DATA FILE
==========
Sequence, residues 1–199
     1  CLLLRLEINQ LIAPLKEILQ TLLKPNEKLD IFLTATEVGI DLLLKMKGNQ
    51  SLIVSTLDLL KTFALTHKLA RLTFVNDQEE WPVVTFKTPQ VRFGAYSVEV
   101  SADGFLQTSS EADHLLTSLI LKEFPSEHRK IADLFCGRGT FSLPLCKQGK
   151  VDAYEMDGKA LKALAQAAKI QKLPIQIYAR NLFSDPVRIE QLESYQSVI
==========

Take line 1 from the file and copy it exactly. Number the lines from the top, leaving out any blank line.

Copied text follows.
Sequence, residues 1–199